Last Friday Mary Ann Pike noticed that Terzo and Morela were spending a lot of time at the Pitt peregrine nest and commented:

Seems like Morela and Terzo have been swapping shifts at the nest today. I saw Morela this morning, then Terzo early afternoon for a while, now Morela is there again. What a strange situation with Ecco in the mix. I wonder if he hangs around Oakland somewhere when he’s not on camera. It seems like the other 2 must be spending most of their time in Oakland but under normal circumstances they wouldn’t let a third Peregrine hang around.

Mary Ann Pike, 24 July 2020, 4:33pm

We didn’t realize it on Friday but Terzo and Morela were probably vigilant because Ecco was nearby. He appeared on camera before dawn.

In the video below Ecco arrives at 5:33am to bow with Morela. After he leaves Morela pauses for 45 seconds, then we hear a peregrine wailing at 3:28 in the video. The wailing continues intermittently over the next three minutes. Was it Terzo complaining that Ecco was there?

The rest of 24 July was very busy. Morela and Terzo bowed at 8:30a and 3:30p.

Morela and Terzo court, 24 July 2020, 8:30am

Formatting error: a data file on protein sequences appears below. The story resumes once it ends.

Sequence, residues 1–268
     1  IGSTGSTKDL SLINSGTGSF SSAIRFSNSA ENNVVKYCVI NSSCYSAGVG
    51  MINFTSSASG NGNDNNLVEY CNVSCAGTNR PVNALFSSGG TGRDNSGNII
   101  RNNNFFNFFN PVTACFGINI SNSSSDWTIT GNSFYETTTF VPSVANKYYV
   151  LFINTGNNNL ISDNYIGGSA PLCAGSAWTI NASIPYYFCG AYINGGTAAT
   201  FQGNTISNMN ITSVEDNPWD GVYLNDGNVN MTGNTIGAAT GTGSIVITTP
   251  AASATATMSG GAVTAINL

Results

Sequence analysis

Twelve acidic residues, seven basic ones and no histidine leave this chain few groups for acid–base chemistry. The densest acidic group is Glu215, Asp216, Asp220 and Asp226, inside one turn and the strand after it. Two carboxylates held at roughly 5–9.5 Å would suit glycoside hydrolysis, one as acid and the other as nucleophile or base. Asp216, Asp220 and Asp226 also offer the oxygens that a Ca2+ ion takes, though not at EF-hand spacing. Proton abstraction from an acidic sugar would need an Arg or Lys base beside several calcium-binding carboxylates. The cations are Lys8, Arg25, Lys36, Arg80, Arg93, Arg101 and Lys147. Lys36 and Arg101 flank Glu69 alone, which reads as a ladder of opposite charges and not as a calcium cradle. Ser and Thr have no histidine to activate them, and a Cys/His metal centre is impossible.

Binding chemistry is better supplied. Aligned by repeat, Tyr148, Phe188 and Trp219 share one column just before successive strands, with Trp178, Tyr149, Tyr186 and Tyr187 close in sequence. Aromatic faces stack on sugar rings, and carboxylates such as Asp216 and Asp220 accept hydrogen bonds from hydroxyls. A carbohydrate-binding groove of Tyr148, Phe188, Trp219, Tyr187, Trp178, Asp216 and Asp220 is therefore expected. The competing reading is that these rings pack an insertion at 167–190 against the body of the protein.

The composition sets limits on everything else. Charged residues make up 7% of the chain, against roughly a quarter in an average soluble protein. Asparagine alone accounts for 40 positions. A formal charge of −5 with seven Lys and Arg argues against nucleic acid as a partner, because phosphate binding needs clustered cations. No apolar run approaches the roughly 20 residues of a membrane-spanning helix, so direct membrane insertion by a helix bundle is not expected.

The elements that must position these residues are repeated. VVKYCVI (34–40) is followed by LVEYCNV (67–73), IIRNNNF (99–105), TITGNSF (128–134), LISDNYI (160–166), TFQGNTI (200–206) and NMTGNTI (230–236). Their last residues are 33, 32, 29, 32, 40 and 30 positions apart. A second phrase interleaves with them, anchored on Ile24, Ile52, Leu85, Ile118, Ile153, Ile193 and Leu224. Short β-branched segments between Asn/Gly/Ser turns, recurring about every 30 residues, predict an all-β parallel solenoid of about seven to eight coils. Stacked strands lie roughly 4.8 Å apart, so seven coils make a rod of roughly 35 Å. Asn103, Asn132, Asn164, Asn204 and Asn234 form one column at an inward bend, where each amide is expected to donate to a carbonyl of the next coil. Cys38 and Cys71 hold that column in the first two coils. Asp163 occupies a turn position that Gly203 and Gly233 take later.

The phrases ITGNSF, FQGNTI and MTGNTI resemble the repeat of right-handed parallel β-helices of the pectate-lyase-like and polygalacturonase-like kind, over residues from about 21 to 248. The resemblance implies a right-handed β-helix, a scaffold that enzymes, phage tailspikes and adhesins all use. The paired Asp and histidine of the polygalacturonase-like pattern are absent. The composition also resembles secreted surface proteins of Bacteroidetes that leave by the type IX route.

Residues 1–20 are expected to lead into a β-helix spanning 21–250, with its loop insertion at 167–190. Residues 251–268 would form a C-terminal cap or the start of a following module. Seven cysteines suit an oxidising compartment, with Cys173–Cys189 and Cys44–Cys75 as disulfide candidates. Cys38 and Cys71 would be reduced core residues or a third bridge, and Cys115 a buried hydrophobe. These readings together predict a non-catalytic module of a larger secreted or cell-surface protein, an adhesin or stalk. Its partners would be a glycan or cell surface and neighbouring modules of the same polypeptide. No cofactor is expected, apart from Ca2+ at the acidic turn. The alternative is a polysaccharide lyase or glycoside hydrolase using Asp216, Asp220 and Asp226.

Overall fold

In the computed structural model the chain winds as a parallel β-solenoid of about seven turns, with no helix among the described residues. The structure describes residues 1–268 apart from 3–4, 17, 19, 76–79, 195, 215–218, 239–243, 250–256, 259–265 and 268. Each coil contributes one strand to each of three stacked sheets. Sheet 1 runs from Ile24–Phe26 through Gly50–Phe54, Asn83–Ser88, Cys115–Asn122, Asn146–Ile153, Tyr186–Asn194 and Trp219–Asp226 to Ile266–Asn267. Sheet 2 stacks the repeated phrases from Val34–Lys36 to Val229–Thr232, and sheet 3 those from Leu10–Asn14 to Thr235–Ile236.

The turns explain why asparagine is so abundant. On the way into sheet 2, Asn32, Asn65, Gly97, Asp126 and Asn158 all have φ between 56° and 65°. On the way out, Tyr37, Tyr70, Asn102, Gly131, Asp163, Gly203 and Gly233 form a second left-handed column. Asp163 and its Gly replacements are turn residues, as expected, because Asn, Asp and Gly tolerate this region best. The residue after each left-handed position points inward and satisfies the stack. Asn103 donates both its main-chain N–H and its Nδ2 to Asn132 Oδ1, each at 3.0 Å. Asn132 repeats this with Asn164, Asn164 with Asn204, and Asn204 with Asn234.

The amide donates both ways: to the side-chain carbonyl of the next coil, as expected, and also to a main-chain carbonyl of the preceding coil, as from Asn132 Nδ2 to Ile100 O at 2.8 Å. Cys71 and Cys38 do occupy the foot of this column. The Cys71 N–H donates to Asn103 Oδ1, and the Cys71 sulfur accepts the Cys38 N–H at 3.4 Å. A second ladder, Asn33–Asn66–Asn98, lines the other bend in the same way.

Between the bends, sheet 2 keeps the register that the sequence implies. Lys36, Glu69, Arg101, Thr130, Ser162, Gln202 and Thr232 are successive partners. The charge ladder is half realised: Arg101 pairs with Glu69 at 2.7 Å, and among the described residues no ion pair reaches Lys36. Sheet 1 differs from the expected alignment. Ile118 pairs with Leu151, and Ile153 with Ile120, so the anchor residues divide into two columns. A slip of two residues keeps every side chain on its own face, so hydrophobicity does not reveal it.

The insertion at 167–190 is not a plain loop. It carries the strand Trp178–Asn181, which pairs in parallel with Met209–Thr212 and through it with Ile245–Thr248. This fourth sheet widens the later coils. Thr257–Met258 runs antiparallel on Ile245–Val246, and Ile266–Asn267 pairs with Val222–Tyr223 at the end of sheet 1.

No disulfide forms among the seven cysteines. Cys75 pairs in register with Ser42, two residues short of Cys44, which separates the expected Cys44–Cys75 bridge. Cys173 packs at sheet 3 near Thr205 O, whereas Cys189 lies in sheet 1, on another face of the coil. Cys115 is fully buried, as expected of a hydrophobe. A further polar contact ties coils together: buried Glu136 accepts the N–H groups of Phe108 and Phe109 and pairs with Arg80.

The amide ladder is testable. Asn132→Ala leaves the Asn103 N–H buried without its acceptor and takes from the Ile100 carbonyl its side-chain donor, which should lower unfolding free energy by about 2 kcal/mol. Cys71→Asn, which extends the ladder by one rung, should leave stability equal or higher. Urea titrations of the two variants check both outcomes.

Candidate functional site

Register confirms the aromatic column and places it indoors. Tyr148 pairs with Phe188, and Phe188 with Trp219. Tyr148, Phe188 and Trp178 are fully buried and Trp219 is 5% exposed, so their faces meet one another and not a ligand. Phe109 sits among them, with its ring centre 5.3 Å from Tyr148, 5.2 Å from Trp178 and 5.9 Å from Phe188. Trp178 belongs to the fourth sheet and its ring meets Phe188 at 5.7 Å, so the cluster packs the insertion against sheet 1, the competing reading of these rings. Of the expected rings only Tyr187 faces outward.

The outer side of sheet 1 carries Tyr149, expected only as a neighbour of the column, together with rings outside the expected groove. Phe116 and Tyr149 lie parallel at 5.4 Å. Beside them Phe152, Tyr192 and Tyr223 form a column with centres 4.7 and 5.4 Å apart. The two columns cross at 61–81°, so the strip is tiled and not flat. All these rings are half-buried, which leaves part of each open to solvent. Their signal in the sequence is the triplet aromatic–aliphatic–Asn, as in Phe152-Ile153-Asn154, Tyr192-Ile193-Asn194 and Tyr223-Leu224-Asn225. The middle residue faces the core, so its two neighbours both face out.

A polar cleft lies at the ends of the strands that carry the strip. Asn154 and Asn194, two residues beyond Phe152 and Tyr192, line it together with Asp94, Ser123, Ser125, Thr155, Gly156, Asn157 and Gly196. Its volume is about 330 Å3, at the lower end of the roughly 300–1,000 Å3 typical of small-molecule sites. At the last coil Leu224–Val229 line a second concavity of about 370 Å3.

Terzo sunbathed and watched for two hours.

Then Morela hung out and preened for three hours. I’m happy to see that Morela’s flipped primary feather is gone.

Terzo and Morela courted at dawn on Sunday morning. There was no sign of Ecco but I’m sure he’ll return.

However, the threesome continues at the Pitt peregrine nest.

(photos and videos from the National Aviary falconcam at Univ of Pittsburgh)

p.s. The National Aviary falconcam streaming service ends on 31 July 2020. It will resume next February.

Who says birds can’t change their tune?

White-throated sparrow (photo from Wikimedia Commons)

Songbirds are born with the ability to sing but perfect their songs by listening to others. Many learn when immature, usually from their fathers, and then don’t change their tunes. That’s why it was a surprise when Ken Otter and Scott Ramsay discovered that a new song from western Canada is so popular among white-throated sparrows that it’s taking over the country.

White-throated sparrows (Zonotrichia albicollis) learn their songs at 30 to 100 days old and don’t vary them later except for a window in the birds’ second winter when they’re open to new ideas.